Teachers may play a bigger role in transmitting COVID-19 in schools than young students, suggests a small new study from the Centers for Disease Control and Prevention (CDC).
For the study, researchers investigated transmission of COVID-19 in eight public elementary schools in Marietta, Georgia, a suburb of Atlanta, between December 1, 2020 and January 22, 2021. In total, about 2,600 attended. students and 700 staff members. these six schools at that time.
During the study period, the researchers identified nine clusters of COVID-19 cases involving a total of 13 educators and 32 students in six of the elementary schools. (One group was defined as at least three linked cases of COVID-19.)
In four of the groups, an educator was the “index patient” or initial case, and a student was the index patient in only one group. In the other four groups, the index patient was not determined. Eight of the nine groups involved probable transmission from educators to students.
Two of the largest groups involved teacher-to-teacher transmission of SARS-CoV-2, the virus that causes COVID-19, which likely occurred during in-person meetings or lunch breaks. The infected teachers later transmitted the disease to various students. Overall, these two groups were responsible for about half (15 of 31) of the school-associated cases in the study, not including index cases, the authors said.
Related: CDC Releases New Guidelines for Safe Reopening Schools
The findings suggest that educators were “critical” to the transmission networks of COVID-19 in schools, the authors wrote in their article, published Monday (February 22) in the CDC journal. Weekly morbidity and mortality report. “Initial infections among educators played a substantial role in the transmission of SARS-CoV-2 at school and subsequent chains of infection … highlighting the importance of preventing infections among educators in particular,” they said.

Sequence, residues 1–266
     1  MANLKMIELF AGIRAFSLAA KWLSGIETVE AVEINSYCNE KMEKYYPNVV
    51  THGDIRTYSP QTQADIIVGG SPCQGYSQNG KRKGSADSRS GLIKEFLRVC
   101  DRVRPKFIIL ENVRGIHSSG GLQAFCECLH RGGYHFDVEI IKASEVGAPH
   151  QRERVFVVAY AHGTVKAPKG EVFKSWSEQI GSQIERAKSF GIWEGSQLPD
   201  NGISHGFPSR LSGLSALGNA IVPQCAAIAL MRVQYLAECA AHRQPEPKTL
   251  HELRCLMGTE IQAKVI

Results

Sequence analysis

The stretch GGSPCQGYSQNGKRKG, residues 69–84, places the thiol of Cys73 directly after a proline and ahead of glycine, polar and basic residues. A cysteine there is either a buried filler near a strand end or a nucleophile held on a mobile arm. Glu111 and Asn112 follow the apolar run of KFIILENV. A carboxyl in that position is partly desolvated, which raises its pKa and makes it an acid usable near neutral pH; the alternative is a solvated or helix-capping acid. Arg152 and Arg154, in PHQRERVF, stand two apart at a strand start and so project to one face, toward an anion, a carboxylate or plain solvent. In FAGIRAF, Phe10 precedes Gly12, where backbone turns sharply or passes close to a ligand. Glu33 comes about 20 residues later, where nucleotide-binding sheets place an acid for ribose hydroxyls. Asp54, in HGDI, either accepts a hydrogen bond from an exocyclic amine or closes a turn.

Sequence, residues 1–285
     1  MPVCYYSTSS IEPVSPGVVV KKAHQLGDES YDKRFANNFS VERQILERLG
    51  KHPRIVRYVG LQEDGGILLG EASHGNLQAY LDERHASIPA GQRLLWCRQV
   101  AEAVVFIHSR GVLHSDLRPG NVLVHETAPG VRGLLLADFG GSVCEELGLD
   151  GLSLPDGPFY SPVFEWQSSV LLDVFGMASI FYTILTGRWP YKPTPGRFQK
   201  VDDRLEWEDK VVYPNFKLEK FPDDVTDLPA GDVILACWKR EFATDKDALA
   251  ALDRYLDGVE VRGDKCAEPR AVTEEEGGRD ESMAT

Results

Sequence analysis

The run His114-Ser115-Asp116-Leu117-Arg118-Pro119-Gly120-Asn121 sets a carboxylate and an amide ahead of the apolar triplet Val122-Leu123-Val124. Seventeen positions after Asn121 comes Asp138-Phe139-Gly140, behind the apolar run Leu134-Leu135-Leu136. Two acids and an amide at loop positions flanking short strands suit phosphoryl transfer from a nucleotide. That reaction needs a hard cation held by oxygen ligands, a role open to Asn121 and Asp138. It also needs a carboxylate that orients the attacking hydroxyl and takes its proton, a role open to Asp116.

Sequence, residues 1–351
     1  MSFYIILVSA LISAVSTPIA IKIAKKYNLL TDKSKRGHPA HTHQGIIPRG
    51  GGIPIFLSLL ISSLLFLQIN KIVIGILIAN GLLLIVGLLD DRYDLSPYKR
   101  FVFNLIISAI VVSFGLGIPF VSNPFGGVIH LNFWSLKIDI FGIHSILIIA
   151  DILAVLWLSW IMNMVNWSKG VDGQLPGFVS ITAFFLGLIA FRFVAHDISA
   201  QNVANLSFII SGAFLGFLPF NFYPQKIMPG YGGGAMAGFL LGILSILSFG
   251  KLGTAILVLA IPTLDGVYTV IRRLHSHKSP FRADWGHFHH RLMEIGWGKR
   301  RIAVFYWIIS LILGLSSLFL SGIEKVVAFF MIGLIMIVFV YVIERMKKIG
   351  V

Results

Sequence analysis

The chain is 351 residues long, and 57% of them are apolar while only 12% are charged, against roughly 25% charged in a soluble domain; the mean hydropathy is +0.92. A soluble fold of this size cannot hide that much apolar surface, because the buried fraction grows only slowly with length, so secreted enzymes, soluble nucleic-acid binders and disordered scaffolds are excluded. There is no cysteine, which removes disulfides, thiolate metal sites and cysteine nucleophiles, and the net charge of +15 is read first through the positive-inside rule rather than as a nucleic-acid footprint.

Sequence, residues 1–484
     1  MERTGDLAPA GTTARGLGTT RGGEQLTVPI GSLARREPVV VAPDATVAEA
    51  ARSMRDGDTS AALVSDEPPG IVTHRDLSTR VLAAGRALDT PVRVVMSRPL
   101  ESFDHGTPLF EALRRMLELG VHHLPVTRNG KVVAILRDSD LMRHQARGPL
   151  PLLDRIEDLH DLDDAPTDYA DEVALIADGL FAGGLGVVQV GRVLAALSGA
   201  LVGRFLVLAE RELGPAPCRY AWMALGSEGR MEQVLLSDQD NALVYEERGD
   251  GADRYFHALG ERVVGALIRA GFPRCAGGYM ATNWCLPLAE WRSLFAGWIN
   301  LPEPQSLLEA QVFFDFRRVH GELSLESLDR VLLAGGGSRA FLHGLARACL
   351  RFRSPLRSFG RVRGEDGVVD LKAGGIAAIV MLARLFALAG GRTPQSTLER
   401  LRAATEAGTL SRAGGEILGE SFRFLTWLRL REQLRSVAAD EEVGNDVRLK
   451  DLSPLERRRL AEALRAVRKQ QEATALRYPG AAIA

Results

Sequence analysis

The CDC findings come just over a week after the agency released detailed guidelines on how safely reopen US schools.
The findings are also consistent with those of previous studies from Europe. For example, a study in the UK found that educator-to-educator transmission of COVID-19 was more common in schools than student-to-student transmission, and a study from Germany found that rates of Transmission of COVID-19 in schools they were three times higher when the index patient was a teacher compared to when the index patient was a student.
Measures to prevent COVID-19 infection in teachers, including measures to minimize in-person interactions between adults at school, will likely reduce COVID-19 transmission in schools, the authors wrote. In fact, they noted that the Georgia school district in the study has already made changes to reduce in-person interactions between educators. Vaccination of teachers can also help prevent the spread of COVID-19 in schools, although the authors noted that vaccinating teachers is not a requirement for reopening schools.
The study also found that the majority of COVID-19 transmission cases at school occurred when there was “less than ideal physical distancing,” meaning that students and teachers were very close to each other; and the students were not wearing the masks correctly. This underscores the need to promote “proper use of masks and physical distancing whenever possible” in schools, the authors wrote. Physical distancing is particularly important during meals, when masks are not worn, they said.
Originally posted on Live Science.